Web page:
MightyWords said it currently has 10,000 titles, most from self-published authors who until recently could automatically upload manuscripts for sale over the company's Web site--in an arrangement that allowed them to split any profits 50-50 with MightyWords. With the contract terminations, the site will offer just 2,500 titles.
The company cut royalty payments from 50 percent to 30 percent with authors who did not have their contracts terminated. In addition, MightyWords will begin requiring authors to submit their work for review before it's posted and will set up a filter to flag obscene and hate-filled manuscripts.
"I think (MightyWords) is just facing up to the reality that a lot of self-published books see very limited demand and sell a handful of copies to friends and family, but they don't have a broader appeal," said Forrester Research analyst Dan O'Brien. "I think they're smart to shift gears and to focus on things that will sell."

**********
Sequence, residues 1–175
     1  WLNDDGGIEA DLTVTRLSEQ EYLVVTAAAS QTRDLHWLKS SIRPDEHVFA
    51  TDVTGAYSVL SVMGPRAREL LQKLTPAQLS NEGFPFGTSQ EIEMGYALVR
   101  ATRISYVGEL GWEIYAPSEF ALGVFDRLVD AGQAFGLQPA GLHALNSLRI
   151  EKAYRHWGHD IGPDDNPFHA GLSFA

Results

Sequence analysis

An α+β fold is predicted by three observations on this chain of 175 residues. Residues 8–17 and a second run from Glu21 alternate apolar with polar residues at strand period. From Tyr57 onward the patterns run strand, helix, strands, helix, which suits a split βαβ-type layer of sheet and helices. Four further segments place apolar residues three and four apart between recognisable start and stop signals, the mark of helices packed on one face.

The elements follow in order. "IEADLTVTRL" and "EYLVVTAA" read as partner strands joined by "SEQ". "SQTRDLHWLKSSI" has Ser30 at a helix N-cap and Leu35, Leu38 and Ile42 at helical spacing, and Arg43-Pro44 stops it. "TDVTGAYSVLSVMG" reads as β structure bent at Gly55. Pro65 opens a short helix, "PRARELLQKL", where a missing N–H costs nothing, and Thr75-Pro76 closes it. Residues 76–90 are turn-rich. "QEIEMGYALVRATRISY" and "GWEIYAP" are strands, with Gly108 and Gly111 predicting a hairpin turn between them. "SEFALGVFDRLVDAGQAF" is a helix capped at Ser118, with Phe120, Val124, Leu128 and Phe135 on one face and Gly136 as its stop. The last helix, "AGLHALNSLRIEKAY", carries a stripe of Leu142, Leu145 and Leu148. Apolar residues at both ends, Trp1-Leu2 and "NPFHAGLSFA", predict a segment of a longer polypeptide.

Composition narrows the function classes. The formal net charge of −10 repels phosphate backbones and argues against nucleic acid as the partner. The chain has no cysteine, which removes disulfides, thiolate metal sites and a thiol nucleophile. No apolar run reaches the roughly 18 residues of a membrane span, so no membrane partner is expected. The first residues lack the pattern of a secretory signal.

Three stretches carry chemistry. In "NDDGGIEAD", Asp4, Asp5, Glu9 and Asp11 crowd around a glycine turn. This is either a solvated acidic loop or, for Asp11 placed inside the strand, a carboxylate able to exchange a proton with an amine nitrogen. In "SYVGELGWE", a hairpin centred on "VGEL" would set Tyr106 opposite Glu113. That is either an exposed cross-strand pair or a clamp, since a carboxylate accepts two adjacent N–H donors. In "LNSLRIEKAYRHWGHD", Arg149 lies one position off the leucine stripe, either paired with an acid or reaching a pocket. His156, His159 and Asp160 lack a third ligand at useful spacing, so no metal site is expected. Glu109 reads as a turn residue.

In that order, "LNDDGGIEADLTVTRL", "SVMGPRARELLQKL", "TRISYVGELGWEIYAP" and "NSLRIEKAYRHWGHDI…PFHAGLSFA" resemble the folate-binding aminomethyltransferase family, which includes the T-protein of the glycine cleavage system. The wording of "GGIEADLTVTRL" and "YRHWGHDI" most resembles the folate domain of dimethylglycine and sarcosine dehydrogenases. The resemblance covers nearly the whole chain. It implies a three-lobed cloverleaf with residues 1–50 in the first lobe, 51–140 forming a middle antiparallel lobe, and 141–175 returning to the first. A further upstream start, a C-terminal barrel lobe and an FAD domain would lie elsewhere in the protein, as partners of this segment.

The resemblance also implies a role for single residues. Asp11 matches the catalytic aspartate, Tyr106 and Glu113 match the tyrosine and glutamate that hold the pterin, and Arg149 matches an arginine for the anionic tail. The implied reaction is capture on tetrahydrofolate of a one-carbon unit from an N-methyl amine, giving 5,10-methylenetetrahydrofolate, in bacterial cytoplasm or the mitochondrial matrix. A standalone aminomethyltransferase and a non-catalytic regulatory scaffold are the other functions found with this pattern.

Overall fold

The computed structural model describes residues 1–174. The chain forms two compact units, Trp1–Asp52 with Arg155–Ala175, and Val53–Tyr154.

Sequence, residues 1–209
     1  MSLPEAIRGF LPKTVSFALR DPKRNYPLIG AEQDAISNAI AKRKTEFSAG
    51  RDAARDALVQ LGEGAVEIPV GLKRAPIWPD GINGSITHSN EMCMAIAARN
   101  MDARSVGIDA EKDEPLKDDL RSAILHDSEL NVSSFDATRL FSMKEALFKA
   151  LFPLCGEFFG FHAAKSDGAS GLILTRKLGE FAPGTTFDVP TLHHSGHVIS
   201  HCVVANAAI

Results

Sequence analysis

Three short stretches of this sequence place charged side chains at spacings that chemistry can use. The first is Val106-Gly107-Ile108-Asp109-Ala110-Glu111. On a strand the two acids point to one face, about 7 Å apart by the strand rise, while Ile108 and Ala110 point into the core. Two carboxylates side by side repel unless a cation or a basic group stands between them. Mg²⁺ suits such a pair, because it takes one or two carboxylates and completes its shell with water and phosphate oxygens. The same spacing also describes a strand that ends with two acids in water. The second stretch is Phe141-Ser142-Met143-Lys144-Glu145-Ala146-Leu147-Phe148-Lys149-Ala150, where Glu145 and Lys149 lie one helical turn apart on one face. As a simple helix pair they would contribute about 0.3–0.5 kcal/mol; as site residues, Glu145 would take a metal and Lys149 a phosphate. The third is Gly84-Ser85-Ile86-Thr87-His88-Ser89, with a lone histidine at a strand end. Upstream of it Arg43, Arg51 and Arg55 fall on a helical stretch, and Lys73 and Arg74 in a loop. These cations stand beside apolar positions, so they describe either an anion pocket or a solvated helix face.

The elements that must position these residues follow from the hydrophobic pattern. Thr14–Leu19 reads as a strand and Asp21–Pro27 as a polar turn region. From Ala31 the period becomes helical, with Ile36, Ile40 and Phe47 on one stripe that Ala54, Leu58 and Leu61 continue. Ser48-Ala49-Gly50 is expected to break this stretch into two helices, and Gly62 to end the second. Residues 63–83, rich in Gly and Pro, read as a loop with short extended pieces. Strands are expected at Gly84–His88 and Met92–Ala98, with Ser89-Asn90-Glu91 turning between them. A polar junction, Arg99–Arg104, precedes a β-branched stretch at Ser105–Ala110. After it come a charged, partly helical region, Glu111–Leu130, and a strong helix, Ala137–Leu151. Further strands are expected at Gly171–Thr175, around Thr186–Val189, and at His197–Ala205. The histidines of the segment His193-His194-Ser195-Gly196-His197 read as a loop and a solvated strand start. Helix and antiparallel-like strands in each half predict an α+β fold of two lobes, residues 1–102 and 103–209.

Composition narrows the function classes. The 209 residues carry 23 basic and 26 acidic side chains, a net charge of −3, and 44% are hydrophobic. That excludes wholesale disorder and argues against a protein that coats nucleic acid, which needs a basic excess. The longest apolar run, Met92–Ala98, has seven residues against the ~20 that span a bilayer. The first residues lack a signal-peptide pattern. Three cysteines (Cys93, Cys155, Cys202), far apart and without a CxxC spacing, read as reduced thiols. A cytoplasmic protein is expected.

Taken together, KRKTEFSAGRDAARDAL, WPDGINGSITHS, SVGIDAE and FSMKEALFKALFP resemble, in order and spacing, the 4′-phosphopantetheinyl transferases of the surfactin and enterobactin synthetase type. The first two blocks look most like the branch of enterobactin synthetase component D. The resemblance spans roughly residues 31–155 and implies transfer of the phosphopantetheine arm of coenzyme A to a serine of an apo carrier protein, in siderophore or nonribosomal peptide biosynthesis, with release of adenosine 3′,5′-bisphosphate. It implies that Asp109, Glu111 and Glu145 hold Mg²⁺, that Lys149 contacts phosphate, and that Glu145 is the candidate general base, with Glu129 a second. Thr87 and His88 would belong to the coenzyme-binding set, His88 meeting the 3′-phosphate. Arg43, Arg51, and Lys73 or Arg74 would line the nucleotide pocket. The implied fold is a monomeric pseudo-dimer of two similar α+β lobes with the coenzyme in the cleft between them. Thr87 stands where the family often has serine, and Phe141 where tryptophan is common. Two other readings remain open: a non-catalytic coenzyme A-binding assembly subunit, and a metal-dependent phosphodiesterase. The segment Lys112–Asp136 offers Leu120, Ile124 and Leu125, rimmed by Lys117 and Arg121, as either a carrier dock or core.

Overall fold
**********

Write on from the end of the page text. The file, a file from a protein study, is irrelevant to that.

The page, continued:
Judy Kirkpatrick, MightyWords' executive vice president, said fewer than 5,000 authors will be cut off. She said that it is difficult to determine the exact number because many authors use multiple email addresses and multiple noms de plume.
The authors were notified of their termination last week. MightyWords publishes titles for free online, but the company said most authors haven't had much success on the site because they do little to promote their work.
Kirkpatrick said MightyWords is now committed to making titles available that are professionally edited, laid out and designed.
Kirkpatrick said the company found that site visitors are attracted to four categories of "need-to-know, must-have content": business, technical and computing, health, and fiction and nonfiction titles from established authors.
"We wanted to continue to make titles available for sale that people were willing to pay for," Kirkpatrick said. "Our focus isn't about information that is already in a book; they are titles that don't exist anywhere else."
Last month, MightyWords and Barnes&Noble.com struck a deal to sell digitally downloadable and printable e-books. Consumers have the option of downloading titles to the Microsoft Reader or Glassbook Reader as well as printing the books, which range from $3 to $100.